In this case, instead of altering the cattle’s coats, Recombinetics was editing the cattle to be hornless—until something went wrong. A piece of bacterial DNA used to deliver the desired gene had become pasted into a cow’s genome, essentially rendering it “part bacteria.”[27]
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  • Posted by CaptainKirk 5 months, 1 week ago
    Hmm. I no longer believe in coincidences...
    Like REQUIRING Home Gardens to be Registered.
    Like Banning Home Gardens.
    Like Banning raising your own chickens/eggs.

    I have a buddy with a recently purchased piece of farmland. I will help him to get cattle going after his house is up and running. (Hoping I can buy a Wagyu Bull, and get it here, then "rent" that guy out...) Will probably be my single best investment!
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  • Posted by $ Stormi 5 months, 1 week ago
    anyone who does not realize our own gov agencies are more a threat to us than outsiders, has been asleep for the past several years.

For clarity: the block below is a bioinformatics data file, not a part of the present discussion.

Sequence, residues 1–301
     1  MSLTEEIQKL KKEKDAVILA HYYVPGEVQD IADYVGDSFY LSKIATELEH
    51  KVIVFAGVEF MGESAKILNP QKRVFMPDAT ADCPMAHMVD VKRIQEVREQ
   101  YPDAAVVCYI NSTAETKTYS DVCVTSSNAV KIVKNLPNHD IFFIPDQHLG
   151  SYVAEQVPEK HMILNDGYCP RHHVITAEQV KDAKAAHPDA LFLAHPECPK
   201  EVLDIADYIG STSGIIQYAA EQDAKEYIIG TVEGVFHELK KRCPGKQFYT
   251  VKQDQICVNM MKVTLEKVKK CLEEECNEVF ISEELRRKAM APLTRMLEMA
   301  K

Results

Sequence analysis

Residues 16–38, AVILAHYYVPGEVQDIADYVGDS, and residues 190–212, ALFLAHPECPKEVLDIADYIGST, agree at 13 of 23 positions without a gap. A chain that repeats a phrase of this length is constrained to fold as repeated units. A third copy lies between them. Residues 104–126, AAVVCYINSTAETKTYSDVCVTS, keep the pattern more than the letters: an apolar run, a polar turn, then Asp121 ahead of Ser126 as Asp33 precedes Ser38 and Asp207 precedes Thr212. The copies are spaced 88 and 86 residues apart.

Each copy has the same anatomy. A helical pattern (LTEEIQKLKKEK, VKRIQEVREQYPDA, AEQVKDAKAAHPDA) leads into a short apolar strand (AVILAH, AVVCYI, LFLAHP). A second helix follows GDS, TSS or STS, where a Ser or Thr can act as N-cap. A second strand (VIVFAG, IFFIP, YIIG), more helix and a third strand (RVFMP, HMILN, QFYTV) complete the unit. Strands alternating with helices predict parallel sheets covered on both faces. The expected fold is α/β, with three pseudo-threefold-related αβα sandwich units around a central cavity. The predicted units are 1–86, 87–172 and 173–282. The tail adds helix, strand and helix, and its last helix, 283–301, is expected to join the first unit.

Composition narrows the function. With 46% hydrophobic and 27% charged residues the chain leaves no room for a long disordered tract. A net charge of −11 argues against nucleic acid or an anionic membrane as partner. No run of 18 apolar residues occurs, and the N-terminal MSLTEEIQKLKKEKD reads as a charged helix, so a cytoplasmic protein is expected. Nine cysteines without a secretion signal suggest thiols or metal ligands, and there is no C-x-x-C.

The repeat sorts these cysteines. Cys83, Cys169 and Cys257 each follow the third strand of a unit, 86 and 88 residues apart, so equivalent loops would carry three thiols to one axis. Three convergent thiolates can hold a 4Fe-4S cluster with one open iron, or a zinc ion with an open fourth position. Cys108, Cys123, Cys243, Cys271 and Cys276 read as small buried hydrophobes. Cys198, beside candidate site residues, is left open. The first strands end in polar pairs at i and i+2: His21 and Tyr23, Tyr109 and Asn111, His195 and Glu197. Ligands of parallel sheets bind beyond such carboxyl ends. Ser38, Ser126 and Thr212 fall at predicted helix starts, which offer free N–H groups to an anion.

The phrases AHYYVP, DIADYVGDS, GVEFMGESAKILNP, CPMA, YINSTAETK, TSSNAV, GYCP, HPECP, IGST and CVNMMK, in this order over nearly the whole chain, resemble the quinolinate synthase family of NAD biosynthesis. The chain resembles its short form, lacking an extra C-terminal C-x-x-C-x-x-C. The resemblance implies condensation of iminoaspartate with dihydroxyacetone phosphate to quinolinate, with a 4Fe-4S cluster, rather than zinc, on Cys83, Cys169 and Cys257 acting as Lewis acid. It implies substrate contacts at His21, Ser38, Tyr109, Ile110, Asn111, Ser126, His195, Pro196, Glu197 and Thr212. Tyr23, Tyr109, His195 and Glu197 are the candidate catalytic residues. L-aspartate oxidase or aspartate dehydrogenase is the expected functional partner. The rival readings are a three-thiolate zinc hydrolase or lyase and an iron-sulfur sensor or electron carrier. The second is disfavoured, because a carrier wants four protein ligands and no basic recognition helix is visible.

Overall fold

They gave us vaccines they knew were made by a US, Canadian and Chinese joint effort. They deliberately did nto tell us they erased the immune systems, caused blood clots and infertility. They want us to thing the Earth is heating up, when we have been in a Grand Solar ininimum for several years of cooling. They want us to eat bugs while they call for end to cattle industry and croplands.They now want a vaccine against mosquito bites. Thank you but I got a full condo of bats, thank you! Starvation, New World Order, depopulation, totalitarianism, all goals of theirs. Now, Biden stupidly says we need to cover access to sun, to cool Earth. They want our money and control to what is left. How can one fear othe cuntreis when our own bad DC parents are abusive?
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  • Posted by $ Thoritsu 5 months, 1 week ago
    When I eat a chicken, I do not turn into a chicken. When I eat a carrot, I do not turn into a carrot. When I eat a GMO carrot, I am not GMO.

    Worrying about GMO food is a waste of time.